( 1810 - 1892 )
A Gilt Bronze & Enamel Planter on Stand
Of square form with two handles either side and raised on a stand, this brilliantly colour vase ‘cache-pot’ designed for plant display is a masterpiece of the Parisian bronze-founder Barbedienne; the design epitomized the love for the antique expressed at the time and reflected in styles of interior decoration in the age of Emperor Napoleon III and Empress Eugenie. The rich cloisonné enamelled tablets to the sides and styled in a Pompeian manner as in the contemporary fashion for ceramic tile ‘cache-pots’ popularized by Messrs. Minton. The bronzing technique executed in the ‘champleve’ manner, illustrative of Barbedienne’s artistic influences from Japanese and Chinese enamels.
The following history of Ferdinand Barbedienne is provided as a reference for Ansonia Clock Company's swing-arm clocks, many of which had the upper and lower balls on the swing-arm coloured in a deep brown finish Ansonia called "Barbedienne". Here is where they got the inspiration for that name, from the coloration for which its creator was so well known in the sculpture world:
Ferdinand Barbedienne (January 10, 1810 –March 21, 1892) was a French metalworker and manufacturer, who was well known as a bronze founder. The son of a small farmer from Calvados, he started his career as a dealer in wallpaper in Paris.
The F. Barbedienne foundry was started in Paris in 1838 by Ferdinand Barbedienne and Achille Collas, who was the inventor of a machine that would mechanically reduce statues. They at first produced bronze reductions of antique sculptures of Greek and Roman origin. Their first contract to produce bronzes modelled by a living artist was made in 1843 when they arranged to produce the works of Francois Rude. They barely survived the revolution and financial collapse of 1848 which caused many artists and foundries to declare bankruptcy. Barbedienne actively pursued contracts with the many sculptors of Paris contracting with David D'Angers, Jean-Baptiste Clesinger, and even producing some casts for Antoine Louis Barye as well as others.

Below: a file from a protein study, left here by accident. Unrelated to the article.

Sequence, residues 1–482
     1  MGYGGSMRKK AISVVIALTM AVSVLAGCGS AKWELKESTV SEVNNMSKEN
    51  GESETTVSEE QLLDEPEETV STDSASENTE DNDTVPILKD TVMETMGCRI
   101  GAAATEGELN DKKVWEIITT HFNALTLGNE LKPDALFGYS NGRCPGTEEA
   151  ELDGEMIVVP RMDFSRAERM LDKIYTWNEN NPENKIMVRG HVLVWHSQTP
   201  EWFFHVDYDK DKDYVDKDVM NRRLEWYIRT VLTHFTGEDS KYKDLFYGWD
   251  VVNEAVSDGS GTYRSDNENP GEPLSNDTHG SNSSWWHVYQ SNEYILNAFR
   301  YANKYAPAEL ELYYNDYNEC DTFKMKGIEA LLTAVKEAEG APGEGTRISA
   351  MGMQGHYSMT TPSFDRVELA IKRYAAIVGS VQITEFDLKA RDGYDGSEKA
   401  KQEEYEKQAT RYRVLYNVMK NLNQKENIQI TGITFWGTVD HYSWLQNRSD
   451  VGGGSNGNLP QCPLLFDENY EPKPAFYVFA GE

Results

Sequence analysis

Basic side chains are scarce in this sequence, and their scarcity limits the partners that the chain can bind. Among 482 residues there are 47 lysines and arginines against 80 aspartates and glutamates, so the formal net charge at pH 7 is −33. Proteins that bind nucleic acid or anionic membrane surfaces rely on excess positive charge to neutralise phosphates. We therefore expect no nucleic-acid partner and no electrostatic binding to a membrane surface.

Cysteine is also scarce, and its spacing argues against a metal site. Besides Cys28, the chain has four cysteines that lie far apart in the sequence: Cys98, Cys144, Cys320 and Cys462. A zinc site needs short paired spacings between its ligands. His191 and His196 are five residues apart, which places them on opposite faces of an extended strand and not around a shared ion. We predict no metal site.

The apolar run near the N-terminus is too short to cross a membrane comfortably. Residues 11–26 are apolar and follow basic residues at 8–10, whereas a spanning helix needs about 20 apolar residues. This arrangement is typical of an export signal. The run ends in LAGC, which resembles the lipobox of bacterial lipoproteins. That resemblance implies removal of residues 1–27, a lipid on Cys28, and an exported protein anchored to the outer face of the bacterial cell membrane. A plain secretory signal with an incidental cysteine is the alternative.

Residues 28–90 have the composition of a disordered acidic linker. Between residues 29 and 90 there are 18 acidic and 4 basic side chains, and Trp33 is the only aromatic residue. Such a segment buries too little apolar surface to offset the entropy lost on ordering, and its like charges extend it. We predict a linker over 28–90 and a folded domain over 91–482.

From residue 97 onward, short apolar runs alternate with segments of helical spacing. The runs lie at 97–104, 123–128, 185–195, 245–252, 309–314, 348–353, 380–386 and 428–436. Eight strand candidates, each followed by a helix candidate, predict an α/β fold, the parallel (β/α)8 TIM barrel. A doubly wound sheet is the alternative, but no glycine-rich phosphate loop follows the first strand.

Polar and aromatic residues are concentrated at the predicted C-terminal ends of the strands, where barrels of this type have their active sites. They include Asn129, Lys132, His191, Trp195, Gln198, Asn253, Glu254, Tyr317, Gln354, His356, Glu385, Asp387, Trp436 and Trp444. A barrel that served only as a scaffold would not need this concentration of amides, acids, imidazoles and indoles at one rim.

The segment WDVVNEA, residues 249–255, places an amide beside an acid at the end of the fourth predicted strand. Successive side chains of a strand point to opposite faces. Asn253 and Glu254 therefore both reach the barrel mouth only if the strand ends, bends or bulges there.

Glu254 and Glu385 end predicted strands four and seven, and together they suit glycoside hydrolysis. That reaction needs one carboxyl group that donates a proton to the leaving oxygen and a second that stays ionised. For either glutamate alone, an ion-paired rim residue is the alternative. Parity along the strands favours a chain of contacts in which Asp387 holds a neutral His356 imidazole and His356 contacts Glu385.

Achille Collas died in 1859 leaving Ferdinand Barbedienne as the sole owner of the foundry which by that time had grown to employ over 300 workers at their workshop located at 63 Rue de Lancry in Paris. Ferdinand Barbedienne was made the President of the Reunion of Bronze Makers in 1865 a post he held until 1885. The outbreak of the Franco-Prussian war in 1870 and the shortage of raw metals caused him to have to stop making sculptures, but he did receive a contract from the French government for the production of cannons which kept his foundry open. After the war he resumed his casting of sculptures and put even more effort into signing contracts with various sculptors.
Barbedienne Purchased 125 casting models from the late Antoine Louis Barye's sale in 1876. He set about casting and selling editions of these sculptures which was very successful, devoting an entire catalogue to these works. Ferdinand Barbedienne died on March 21, 1891 and was mourned by many in the world of sculpture. It was said that he strove to the highest quality in his castings Albert Susse said of him that he was the "pride of the nation" and that he "carried the splendour of our industry so loftily to all international competitions".
The running of the foundry was taken over by Gustave Leblanc, a nephew, and continued the high standards set by M. Barbedienne. The foundry set up agencies in Germany, Britain, and the United States to market their production. Leblanc actively purchased models and production rights form sculptors including Auguste Rodin and the estates of sculptures including Emmanuel Fremiet. The foundry continued under the stewardship of M. Leblanc until 1952
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